# Complete exhaustion – Here, the restoration benefits come into the picture only when the whole sum insured gets exhausted. If the entire sum is not exhausted, the benefit wont get triggered and the policyholder would have to pay the balance amount out of pocket. Suppose, you have a cover of Rs 5 lakh and your heart surgery uses up Rs 4 lakh. Now, if you need Rs 2 lakh additionally for an unrelated claim in the same year, the restoration benefit wont get triggered because your original sum insured is not completely exhausted.

# Partial exhaustion – Under this, the benefits can be availed even if some amount of sum insured gets used up. Some insurers offer to cover a second claim amount even if theres some amount left from your sum insured. Take the above case here, and the restoration benefit will get triggered in case of partial exhaustion. So, your second claim will be covered as well even if you have Rs 1 lakh left out of your original sum insured.

Check with your insurer on the terms and conditions of both these types and opt for the one that best fits your needs. Also, your family history comes as an important deciding factor before choosing the restoration benefit.

What To Check Before Opting For It

Heres your checklist before opting for restoration benefit in your health plan:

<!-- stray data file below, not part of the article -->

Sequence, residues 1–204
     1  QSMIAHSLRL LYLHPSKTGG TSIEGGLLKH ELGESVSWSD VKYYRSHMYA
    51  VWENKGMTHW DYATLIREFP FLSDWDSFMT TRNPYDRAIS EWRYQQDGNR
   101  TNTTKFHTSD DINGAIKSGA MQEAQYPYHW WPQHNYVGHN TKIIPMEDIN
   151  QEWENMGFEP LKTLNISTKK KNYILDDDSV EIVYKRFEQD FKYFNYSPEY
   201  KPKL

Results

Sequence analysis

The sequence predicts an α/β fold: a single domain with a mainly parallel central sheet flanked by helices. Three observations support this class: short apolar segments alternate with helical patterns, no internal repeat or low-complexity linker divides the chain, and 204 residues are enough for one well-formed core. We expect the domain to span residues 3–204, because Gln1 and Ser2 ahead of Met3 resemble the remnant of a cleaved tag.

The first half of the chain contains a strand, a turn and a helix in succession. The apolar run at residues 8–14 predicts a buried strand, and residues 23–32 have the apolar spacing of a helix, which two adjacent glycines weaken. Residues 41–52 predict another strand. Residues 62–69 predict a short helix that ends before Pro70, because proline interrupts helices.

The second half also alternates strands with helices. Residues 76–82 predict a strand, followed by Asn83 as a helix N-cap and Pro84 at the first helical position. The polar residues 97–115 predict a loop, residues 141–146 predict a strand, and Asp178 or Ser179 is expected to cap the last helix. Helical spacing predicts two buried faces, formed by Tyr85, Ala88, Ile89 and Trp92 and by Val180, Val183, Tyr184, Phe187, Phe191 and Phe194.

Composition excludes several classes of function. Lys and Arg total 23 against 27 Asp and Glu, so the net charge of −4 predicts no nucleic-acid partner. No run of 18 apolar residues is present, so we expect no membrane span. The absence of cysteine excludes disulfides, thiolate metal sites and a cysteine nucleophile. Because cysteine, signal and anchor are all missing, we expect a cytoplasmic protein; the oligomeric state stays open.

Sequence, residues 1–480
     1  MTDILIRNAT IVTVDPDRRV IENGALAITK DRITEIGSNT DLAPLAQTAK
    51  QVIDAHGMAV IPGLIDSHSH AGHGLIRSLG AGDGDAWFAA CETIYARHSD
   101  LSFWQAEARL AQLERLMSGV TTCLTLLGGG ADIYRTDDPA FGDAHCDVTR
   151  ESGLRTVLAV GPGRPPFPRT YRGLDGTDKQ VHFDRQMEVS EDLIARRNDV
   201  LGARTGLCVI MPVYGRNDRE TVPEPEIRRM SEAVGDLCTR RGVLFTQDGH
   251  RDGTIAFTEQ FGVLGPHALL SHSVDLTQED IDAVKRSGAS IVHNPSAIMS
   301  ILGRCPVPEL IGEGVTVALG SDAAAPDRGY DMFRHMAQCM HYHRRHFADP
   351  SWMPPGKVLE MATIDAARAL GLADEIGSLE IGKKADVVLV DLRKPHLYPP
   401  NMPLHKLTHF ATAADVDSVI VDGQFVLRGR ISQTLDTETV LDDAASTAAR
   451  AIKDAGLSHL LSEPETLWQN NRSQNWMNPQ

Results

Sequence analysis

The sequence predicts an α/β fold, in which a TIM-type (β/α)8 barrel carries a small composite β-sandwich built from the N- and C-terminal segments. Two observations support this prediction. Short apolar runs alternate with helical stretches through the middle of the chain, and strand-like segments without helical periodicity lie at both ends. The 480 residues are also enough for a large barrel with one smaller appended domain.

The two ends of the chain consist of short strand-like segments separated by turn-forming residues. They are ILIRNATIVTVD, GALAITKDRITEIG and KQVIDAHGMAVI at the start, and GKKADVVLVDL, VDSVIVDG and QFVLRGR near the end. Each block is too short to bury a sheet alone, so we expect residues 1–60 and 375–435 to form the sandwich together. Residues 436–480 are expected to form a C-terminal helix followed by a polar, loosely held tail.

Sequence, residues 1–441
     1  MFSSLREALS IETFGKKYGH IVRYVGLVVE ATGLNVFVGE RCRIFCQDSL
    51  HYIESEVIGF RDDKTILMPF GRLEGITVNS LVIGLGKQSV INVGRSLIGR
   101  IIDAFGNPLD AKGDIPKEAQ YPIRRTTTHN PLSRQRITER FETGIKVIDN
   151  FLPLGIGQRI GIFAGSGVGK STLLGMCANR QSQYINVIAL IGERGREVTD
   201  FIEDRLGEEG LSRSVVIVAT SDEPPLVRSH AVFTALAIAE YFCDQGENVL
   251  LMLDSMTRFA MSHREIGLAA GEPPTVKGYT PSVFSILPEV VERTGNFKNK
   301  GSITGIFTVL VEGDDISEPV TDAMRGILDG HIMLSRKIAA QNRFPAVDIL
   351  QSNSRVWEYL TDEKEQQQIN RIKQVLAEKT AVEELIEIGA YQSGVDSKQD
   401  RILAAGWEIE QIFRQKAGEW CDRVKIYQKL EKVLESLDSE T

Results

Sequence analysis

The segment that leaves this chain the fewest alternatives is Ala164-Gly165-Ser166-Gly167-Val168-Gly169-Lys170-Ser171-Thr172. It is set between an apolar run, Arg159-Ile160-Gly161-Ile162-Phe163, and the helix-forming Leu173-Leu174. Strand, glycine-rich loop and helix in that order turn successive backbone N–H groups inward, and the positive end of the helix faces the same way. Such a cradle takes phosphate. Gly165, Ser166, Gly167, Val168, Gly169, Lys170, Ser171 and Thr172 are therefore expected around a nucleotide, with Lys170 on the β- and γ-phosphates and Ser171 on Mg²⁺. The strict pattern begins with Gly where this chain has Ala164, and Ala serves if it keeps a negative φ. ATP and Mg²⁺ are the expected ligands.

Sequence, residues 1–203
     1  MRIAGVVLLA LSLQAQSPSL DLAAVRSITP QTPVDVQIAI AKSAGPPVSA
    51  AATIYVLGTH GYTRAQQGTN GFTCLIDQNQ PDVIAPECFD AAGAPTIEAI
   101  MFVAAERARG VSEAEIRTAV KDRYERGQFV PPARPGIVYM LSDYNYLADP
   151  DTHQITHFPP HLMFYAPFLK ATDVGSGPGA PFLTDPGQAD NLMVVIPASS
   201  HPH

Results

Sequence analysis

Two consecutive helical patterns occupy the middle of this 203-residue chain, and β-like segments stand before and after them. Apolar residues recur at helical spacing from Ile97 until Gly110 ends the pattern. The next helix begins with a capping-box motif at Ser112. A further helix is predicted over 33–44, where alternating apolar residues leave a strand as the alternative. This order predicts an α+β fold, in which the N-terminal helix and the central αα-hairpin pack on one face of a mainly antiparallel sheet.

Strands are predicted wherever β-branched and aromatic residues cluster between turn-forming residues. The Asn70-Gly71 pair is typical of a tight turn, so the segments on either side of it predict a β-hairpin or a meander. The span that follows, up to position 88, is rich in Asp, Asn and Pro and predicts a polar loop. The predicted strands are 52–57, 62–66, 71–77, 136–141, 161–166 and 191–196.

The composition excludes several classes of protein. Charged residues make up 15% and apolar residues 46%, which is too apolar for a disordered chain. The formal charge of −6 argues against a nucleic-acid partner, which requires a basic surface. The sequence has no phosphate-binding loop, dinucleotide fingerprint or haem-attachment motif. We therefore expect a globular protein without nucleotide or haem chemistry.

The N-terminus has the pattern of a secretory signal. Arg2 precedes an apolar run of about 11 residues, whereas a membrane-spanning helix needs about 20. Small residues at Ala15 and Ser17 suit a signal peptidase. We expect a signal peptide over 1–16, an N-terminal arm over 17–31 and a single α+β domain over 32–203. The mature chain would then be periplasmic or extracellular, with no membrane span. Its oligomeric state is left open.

# The restoration benefit feature makes the premium costlier. Dont forget to ask how this is going to affect your premium.

# The most important rule to remember is that restoration benefit gets triggered only for unrelated medical claims. Suppose you exhaust your sum insured over a heart surgery, then usually the restoration benefit will not cover a second heart-related claim in the same year. Understand from your insurer the type of claim they will cover and also the quantum of restoration benefit that will be covered. For instance, Aditya Birla Capital offers a restoration cover of 150% of the sum insured for a non-related illness for a cover of Rs 5 lakh. However, Max Bupa Health Insurance offers unlimited restoration of the sum insured for related as well as non-related illness for the same cover of Rs 5 lakh.

# Check with your insurer on the relevant conditions that apply for the same or different illnesses for different family members.

# The restoration sum insured usually cannot be carried forward to the next year even if you do not use it till its validity.

# Check if the benefit will trigger if the sum insured gets exhausted in a single claim or if it works in the case of multiple claims as well.